Damian Radcliffe, who heads the Rassed research program at Qatar’s Ministry of Information and Communications Technology (ictQATAR), was recently on the campus of Georgetown University – School of Foreign Service in Qatar (SFS-Qatar) to deliver a lecture on ‘Attitudes to Cybersafety and Online Privacy in the Middle East’ at a public lecture as part of SFS-Qatar’s Center for International and Regional Studies (CIRS) Monthly Dialogue Series.
The study’s aim is to help researchers, policy makers and others to understand the impact of emerging technologies and evolving user needs and behaviors.
Citing a previous study, the World Economic Forum's Global Information Technology Report
which explored variations across cultures in areas such as online freedom of expression, privacy, trust and security, Mr. Radcliffe explained that “The previous report didn’t cover Middle Eastern countries, so we undertook this research project to fill the gap. This gave us an opportunity to ask questions about internet usage in the region that has never been asked before in the Middle East.”
For the report, 2,793 internet users from 14 countries across the Middle East were surveyed. This data was combined with the previous study resulting in a global sample survey of over 11,000 internet users covering nearly 60 countries. The research questions covered five areas including, usage of ICT and other technologies available in the household, attitudes towards the internet, concerns of internet users, trust in different online actors and online players, and behaviors of internet users.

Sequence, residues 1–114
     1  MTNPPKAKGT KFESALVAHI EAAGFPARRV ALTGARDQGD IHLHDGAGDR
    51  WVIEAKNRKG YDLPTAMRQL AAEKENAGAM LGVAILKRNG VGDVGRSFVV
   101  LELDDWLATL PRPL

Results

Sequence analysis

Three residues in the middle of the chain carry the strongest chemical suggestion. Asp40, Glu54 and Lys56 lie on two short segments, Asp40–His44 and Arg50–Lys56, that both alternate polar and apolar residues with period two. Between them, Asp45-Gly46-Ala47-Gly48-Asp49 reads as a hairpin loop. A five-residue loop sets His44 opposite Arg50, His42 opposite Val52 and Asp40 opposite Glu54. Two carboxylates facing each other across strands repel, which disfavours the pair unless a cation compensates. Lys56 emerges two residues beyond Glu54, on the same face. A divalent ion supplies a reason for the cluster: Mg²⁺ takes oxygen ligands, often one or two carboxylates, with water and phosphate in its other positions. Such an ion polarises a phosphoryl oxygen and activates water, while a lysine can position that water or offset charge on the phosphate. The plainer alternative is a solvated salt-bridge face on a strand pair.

The research findings indicated that despite the differences in culture, internet users in the Middle East share many of the same concerns about online privacy and safety as internet users in the rest of the world. “Equivalency in terms of technological access as a regional figure compared to the rest of the world was pretty good. In fact, if you look at the GCC, there is much higher access to advanced forms of technology than there are in many other parts of the world,”
However, Mr. Radcliffe did cite five key differences. “As compared to global users, MENA users are less likely to shop or bank online, have a more positive perception that the internet is making things better, are less worried about safety of personal online content, strongly oppose data re-purposing, and have a higher desire for the Government’s role in blocking harmful online content,” Mr. Radcliffe explained.
For the full story on Georgetown's website, please click here